Various constructible buildings in the camp can be upgraded to generate more currencies/resources and craft better items. The workers, which can also be upgraded, are used to complete tasks, gather resources, and help with future building upgrades.
As rideable mounts are an important part of the game, players can stable their mounts in the camp. Mounts (horses) have skins to show them off to other players, and the camp is necessary for the player to unlock the horse breeding feature. There are also loads of ways to decorate the camp, and players can display various cosmetic collectible items they have collected from events and other parts of the game.
In addition to MMORPGs, other RPG games and genres also use home systems as they rely on decorative elements.
Another example of a home system can be found in the turned-based RPG Slime Isekai Memories, which has a two-faced village system. What this means, is a way for the players to watch the village in two different views: in a bird-eye view and a 3D “home” view.
The bird-eye view of the village allows players to construct buildings and to decorate them with different items, like trees and logs. A “home” view of the village, on the other hand, allows players to stroll around their village in a 3D view as they bump into NPCs and the player’s team of characters, all of which can be interacted with by chatting with them.
The village system is linked to a versatile relationship feature between the player and their team of characters. Each character has a relationship level in a separate mode, which can be upgraded by gifts and by chatting in the village. The buildings in the village generate food, which can be given to the characters as gifts to raise the relationship level. This also gives benefits to the character themselves as they gain stats in their attributes as well as HP from these actions. Players can interact only once per day with each of their team of characters, and therefore, the characters strolling around the village change occasionally. Chatting with the characters grants the player ‘tempest coin currency’ which can be used in ‘tempest coin bazaar’ shop. The characters can also request a certain type of gift or the characters may sometimes request a PvE battle. All these actions increase the relationship EXP of that certain character.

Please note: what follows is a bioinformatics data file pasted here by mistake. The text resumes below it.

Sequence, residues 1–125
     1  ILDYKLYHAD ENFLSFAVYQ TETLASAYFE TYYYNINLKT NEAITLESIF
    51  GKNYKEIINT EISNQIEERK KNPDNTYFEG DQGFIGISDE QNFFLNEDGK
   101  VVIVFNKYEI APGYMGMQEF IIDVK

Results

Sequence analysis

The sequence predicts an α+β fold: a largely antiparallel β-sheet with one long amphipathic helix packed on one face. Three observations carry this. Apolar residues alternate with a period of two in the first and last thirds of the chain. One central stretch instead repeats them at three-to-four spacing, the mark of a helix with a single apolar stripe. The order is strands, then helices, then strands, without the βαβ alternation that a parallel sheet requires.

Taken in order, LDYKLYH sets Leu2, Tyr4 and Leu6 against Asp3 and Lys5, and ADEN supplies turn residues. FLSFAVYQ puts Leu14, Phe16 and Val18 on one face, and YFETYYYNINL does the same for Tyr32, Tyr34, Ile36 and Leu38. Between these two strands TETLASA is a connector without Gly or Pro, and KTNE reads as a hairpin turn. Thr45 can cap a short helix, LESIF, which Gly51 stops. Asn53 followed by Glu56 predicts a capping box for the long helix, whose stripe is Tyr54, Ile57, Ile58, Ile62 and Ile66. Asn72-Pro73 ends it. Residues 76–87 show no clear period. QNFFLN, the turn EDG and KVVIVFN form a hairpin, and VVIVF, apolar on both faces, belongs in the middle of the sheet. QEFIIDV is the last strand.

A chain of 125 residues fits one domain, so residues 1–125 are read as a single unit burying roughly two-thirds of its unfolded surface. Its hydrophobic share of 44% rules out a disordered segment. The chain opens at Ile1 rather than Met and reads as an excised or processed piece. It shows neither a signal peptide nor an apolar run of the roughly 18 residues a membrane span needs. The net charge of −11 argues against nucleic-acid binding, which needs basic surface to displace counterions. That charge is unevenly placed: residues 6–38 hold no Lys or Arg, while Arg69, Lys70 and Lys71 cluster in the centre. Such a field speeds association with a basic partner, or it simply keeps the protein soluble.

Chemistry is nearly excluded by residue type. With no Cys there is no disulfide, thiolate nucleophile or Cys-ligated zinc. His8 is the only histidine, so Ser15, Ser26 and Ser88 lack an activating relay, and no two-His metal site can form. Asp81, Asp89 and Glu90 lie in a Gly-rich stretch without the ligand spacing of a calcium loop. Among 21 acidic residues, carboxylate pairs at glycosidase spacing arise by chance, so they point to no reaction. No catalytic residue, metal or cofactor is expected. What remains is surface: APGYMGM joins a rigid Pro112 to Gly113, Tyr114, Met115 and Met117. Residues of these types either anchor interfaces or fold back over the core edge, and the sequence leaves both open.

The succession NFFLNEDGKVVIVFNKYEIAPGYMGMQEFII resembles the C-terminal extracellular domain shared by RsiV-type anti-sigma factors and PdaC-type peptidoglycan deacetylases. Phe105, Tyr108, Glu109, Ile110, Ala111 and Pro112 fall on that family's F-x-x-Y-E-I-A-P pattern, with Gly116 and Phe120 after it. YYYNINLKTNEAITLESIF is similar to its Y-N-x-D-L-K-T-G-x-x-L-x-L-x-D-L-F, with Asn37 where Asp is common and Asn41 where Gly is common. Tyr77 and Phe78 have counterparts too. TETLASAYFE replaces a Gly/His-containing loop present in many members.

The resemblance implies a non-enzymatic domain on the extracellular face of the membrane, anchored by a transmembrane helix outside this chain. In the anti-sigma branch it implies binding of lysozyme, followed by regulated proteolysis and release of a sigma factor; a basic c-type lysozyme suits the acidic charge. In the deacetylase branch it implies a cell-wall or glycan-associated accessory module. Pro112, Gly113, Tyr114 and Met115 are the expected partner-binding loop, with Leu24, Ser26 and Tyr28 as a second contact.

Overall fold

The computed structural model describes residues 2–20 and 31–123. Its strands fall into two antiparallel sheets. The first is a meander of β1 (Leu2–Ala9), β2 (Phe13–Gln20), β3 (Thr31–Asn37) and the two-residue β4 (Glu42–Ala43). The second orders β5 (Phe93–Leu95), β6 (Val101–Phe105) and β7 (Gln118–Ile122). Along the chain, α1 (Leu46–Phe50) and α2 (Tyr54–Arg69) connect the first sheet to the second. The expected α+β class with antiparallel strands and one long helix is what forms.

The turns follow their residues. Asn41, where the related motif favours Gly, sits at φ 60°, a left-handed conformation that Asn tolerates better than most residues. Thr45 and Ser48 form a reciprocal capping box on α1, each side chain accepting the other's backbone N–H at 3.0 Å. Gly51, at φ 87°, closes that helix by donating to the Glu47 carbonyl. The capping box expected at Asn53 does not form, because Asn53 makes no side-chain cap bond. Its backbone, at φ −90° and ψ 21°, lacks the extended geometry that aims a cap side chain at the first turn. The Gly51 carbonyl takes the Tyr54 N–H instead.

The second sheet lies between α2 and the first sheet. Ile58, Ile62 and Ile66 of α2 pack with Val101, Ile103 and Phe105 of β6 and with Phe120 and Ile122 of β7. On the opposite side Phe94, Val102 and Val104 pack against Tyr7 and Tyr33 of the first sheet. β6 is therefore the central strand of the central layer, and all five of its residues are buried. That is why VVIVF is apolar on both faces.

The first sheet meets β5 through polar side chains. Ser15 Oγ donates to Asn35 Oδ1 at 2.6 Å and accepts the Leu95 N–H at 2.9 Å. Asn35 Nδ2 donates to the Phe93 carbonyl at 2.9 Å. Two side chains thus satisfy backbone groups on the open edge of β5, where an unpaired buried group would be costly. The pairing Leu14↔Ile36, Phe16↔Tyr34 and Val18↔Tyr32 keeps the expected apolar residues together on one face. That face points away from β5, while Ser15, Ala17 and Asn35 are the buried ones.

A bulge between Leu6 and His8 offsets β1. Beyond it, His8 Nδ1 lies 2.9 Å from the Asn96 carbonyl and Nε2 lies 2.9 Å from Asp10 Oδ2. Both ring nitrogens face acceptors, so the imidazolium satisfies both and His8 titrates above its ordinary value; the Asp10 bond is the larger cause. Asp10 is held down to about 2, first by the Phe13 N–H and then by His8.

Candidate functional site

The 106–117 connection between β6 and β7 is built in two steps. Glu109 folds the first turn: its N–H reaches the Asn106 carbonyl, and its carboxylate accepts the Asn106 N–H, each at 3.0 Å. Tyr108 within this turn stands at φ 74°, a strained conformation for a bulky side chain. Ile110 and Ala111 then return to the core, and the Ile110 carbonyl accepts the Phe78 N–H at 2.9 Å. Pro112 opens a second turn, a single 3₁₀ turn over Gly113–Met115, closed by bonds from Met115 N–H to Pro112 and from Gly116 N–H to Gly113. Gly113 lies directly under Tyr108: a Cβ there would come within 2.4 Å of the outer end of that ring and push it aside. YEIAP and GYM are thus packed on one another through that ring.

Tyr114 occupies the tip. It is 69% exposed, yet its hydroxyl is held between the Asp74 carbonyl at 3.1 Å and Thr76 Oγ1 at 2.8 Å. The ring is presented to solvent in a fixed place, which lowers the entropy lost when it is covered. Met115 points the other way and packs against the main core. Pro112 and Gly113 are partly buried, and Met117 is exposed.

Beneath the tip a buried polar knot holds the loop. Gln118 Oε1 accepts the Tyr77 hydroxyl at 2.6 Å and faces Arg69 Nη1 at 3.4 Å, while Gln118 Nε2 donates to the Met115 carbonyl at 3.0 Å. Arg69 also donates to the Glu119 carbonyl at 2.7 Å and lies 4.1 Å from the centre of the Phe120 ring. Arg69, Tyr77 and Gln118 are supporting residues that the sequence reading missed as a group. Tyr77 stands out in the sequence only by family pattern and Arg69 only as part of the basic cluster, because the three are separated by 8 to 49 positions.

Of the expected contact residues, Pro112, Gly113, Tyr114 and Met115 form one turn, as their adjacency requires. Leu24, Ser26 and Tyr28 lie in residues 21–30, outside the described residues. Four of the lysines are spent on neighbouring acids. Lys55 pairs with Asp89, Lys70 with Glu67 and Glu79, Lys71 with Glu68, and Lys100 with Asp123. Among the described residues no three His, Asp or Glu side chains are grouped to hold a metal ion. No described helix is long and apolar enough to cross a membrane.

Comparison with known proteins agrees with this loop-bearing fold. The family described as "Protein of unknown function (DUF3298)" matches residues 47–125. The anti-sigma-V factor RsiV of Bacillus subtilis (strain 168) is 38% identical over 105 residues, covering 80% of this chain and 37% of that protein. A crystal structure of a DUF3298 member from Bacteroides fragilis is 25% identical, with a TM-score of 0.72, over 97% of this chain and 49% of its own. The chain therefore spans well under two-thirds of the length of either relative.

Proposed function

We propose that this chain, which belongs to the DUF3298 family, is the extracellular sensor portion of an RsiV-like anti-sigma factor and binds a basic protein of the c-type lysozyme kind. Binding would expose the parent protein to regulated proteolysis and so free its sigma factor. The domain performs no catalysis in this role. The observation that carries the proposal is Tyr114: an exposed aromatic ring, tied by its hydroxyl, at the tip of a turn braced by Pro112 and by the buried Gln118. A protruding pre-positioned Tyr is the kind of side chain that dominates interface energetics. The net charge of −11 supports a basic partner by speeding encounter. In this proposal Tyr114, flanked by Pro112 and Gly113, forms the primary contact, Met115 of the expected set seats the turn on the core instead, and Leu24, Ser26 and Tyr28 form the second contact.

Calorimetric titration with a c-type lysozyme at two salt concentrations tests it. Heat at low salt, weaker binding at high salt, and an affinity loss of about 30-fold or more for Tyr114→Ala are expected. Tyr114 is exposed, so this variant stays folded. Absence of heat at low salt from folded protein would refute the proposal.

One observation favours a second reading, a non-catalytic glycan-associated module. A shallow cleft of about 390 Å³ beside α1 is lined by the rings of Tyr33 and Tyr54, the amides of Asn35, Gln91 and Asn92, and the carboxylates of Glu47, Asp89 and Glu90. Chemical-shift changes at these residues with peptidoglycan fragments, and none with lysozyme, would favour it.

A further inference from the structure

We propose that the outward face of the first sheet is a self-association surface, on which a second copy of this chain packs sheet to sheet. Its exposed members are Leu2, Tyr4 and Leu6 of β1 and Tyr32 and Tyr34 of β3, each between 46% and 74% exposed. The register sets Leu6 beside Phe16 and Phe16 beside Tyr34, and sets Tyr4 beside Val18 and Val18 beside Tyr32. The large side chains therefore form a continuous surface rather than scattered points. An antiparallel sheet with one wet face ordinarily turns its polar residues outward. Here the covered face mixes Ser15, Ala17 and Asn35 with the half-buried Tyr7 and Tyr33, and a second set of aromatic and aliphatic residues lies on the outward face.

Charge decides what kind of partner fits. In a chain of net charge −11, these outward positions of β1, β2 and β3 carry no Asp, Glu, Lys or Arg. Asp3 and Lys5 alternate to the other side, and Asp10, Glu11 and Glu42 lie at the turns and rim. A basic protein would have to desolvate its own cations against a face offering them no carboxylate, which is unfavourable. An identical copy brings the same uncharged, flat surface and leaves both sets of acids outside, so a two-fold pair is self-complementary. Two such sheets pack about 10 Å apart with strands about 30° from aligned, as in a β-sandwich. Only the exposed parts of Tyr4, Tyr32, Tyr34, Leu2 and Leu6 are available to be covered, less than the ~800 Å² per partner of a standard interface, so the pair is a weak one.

It is also possible for games to implement just some home decoration elements instead of a whole-home system. In Harry Potter: Magic Awakened (哈利波特：魔法觉醒), the player’s dorm is shared with the beds of up to three other players. Players can decorate their own area of the room, including the bed, their furniture, and other decorations around it, making sharing a dorm with other players more meaningful and fun since the players can express their personalities by showing their roommates how they decorate their own spaces. Decoration might involve changing bed sheets, getting a new nightstand, or putting up some fancy curtains next to your bed.
Home decoration in other genres
It’s pretty standard for RPGs to implement systems with home decoration, but you might be surprised to learn how these systems are being implemented in other genres, especially those where core gameplay elements have nothing to do with customization. Homes or rooms with decorative elements now extend to a variety of genres, including Match3, driving games, rhythm games and even platformers, allowing players of these genres to enjoy additional gameplay elements outside of the core gameplay.